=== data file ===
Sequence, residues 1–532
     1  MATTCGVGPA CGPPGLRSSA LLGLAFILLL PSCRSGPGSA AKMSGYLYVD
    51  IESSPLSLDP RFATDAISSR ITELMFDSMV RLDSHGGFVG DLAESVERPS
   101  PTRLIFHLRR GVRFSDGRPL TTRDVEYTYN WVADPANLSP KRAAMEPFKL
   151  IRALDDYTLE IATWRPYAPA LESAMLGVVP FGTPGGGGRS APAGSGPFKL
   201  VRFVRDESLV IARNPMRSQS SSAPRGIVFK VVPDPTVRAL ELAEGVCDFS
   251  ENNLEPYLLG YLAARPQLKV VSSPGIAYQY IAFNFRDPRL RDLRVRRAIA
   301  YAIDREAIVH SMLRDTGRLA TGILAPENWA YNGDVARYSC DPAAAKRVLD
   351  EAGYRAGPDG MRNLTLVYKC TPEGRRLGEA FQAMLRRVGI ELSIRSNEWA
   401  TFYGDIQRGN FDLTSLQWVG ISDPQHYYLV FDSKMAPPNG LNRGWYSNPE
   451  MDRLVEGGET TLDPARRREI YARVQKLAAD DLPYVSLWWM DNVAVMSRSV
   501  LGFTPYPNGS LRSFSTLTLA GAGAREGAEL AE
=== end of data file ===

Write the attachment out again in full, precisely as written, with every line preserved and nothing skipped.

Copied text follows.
Sequence, residues 1–532
     1  MATTCGVGPA CGPPGLRSSA LLGLAFILLL PSCRSGPGSA AKMSGYLYVD
    51  IESSPLSLDP RFATDAISSR ITELMFDSMV RLDSHGGFVG DLAESVERPS
   101  PTRLIFHLRR GVRFSDGRPL TTRDVEYTYN WVADPANLSP KRAAMEPFKL
   151  IRALDDYTLE IATWRPYAPA LESAMLGVVP FGTPGGGGRS APAGSGPFKL
   201  VRFVRDESLV IARNPMRSQS SSAPRGIVFK VVPDPTVRAL ELAEGVCDFS
   251  ENNLEPYLLG YLAARPQLKV VSSPGIAYQY IAFNFRDPRL RDLRVRRAIA
   301  YAIDREAIVH SMLRDTGRLA TGILAPENWA YNGDVARYSC DPAAAKRVLD
   351  EAGYRAGPDG MRNLTLVYKC TPEGRRLGEA FQAMLRRVGI ELSIRSNEWA
   401  TFYGDIQRGN FDLTSLQWVG ISDPQHYYLV FDSKMAPPNG LNRGWYSNPE
   451  MDRLVEGGET TLDPARRREI YARVQKLAAD DLPYVSLWWM DNVAVMSRSV
   501  LGFTPYPNGS LRSFSTLTLA GAGAREGAEL AE